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I'm looking for a bit of case law - as an inspiration more than as valid precedent - for the following scenario:

  1. A person has some prospective rights w.r.t. some physical objects, or future rights w.r.t. the distribution of property or profits.
  2. That person engages in some legal procedure in a fraudulant (and possibly criminal) way, to obtain recognition of expanded rights (e.g. can use objects more extensively, entitled to larger part of future profits or ownership etc.)
  3. The person is found by a court to have engaged in said wrongful acts or behavior.
  4. The court not only strips the person of the excess or additional rights they had tried to secure, but prevents or limits that person from realizing even the rights they had initially had grounds to realize.

I realize this is a bit vague, but I wanted to make it general enough to make it easier to find such an example.

I am most interested in such scenarios in Common Law systems, despite the fact that the adage in the title is Latin; other systems are also relevant, altough a bit less so. Cases which are discussed in juristic literature are the most relevant, and otherwise cases heard by higher courts. I don't need a long list, but rather a prominent example in which the ruling is explicitly justified based on more fundamental legal principles and/or by appeal to justice.

Note: The case or the ruling need not actually use the phrase "fraus omnia corrumpit" anywhere, I just used it in the title because it seems relevant.

  • In common law 'fraus omnia corrumpit' is limited to fraud in the procurement of a judgement of a court or tribunal. For example, where the judge was bribed. It doesn't fit the facts you have outlined. – Dale M May 15 at 23:36
  • @DaleM: Actually, that works for me. See edit. – einpoklum - reinstate Monica May 15 at 23:53
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This happens all the time, usually under the rubic of the "unclean hands" doctrine.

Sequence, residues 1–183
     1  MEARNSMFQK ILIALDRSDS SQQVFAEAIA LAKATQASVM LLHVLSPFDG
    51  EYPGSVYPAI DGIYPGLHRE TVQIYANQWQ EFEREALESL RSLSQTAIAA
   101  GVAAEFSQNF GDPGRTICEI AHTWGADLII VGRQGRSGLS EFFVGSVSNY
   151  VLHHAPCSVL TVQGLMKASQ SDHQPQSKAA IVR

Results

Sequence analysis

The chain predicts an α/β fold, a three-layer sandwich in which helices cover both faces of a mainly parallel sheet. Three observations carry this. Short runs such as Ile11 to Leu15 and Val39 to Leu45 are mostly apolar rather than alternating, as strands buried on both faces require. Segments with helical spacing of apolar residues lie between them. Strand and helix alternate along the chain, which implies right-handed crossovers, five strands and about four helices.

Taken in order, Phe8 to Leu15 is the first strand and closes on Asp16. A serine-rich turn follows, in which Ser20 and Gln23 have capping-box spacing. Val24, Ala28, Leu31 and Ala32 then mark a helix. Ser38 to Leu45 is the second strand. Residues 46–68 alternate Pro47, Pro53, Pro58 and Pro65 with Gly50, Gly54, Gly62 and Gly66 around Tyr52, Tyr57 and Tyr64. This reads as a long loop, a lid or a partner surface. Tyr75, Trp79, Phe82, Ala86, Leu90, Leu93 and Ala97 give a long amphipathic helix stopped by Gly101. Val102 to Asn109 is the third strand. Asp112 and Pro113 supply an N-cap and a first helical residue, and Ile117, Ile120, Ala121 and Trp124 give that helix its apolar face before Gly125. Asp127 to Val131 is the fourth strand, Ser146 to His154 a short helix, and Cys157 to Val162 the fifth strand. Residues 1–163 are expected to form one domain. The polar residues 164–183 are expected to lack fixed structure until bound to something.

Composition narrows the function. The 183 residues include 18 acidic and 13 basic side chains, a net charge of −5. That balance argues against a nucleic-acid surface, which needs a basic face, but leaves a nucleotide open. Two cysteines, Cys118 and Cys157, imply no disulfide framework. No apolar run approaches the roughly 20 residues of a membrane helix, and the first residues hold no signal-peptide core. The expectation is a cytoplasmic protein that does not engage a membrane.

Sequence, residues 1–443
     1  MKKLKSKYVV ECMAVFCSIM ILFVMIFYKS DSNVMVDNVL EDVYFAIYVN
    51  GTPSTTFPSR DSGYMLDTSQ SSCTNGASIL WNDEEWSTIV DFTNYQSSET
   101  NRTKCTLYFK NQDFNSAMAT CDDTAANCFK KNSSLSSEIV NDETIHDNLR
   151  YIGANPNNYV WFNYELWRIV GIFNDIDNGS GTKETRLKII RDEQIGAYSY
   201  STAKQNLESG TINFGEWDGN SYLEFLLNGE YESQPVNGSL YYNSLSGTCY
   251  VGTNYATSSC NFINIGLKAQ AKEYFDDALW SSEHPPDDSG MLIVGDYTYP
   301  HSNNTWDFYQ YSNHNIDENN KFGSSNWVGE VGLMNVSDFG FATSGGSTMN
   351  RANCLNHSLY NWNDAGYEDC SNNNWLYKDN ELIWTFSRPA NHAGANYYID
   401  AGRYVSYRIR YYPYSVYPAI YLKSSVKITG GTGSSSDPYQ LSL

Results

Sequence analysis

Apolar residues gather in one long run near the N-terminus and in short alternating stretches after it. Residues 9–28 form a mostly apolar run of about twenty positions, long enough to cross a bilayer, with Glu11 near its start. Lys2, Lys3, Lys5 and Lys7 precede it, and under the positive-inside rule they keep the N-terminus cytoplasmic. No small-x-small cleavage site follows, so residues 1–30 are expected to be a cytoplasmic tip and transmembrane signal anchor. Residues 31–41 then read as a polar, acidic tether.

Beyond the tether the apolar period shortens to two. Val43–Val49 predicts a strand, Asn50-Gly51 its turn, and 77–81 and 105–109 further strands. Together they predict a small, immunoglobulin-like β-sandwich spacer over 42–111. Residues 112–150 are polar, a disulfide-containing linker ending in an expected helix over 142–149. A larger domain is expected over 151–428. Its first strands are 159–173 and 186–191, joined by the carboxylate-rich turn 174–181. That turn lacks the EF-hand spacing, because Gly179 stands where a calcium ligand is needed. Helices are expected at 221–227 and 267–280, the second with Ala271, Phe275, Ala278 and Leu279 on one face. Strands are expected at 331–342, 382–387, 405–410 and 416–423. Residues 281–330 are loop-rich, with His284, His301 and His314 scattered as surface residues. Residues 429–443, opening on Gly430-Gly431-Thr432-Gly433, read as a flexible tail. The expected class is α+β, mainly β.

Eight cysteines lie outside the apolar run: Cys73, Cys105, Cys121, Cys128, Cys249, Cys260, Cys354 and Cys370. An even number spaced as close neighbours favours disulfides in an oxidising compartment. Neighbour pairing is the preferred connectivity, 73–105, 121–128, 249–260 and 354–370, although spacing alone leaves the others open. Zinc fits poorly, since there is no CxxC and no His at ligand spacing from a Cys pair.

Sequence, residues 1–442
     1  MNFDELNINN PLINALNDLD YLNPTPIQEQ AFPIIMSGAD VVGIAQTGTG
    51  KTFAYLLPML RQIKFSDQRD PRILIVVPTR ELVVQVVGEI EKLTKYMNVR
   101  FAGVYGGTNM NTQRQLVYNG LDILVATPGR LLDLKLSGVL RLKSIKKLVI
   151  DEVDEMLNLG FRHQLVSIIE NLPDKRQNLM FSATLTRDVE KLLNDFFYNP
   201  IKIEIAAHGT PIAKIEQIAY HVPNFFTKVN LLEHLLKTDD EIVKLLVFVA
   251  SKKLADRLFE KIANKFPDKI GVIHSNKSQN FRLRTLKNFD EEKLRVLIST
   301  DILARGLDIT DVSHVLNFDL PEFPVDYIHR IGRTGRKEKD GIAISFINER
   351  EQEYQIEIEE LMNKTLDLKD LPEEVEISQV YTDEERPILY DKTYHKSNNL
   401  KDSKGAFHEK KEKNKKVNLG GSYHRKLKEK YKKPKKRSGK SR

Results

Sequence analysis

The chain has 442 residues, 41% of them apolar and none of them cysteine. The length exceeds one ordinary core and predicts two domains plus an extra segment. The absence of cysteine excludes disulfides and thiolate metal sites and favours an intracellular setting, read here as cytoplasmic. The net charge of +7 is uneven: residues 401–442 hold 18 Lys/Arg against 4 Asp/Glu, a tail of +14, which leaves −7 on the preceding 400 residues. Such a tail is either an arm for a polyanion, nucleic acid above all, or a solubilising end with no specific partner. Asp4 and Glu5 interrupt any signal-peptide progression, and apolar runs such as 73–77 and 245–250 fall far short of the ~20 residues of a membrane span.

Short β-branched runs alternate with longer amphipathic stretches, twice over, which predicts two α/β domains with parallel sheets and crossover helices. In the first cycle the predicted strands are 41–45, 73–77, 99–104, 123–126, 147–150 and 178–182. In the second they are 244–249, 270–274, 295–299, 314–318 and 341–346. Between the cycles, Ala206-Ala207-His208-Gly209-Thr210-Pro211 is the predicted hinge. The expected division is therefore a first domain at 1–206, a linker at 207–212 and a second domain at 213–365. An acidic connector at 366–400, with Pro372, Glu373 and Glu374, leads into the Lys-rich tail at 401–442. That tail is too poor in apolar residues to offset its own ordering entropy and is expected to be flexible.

Historically, it was a bar only to seeking relief in courts of equity in systems descended from English law (doctrinal differences between legal and equitable legal theories have persisted even though law courts and equity courts have been merged in most common law jurisdictions). But, many courts have applied the doctrine more broadly, often on the theory that denying relief to people who abuse the system is part of the inherent authority of a court to protect its own integrity.

This doctrine provides that if you engage in improper conduct in relation to the subject matter of later litigation, that the court will deny you all relief in the litigation, even if you would otherwise have been entitled to relief.

The example from Wikipedia link above is typical of how this doctrine is applied.

The clean hands doctrine is used in U.S. patent law to deny equitable or legal relief to a patentee that has engaged in improper conduct, such as using the patent to extend monopoly power beyond the claims of the patent See, e.g., Morton Salt Co. v. G.S. Suppiger Co, 314 U.S. 488 (1942).

  • I think that's not quite what I asked about. Denying you all relief in the litigation you've initiated doesn't mean you cannot seek relief in later legal procedures, or that you've lost anything which does not require relief to realize. In the patent example - perhaps losing the patent entirely or no longer being able to apply it as a patent holder regularly would. – einpoklum - reinstate Monica May 16 at 0:07
  • @einpoklum Usually an unclean hands finding would have collateral estoppel effect in other lawsuits involving the same offender, so it can have the effect of losing the patent entirely and not being ale to apply it as a patent holder regularly would. – ohwilleke May 16 at 0:15
  • Do you have a link to either a court case or some article/book in which this estoppel effect is discussed? – einpoklum - reinstate Monica May 16 at 7:24

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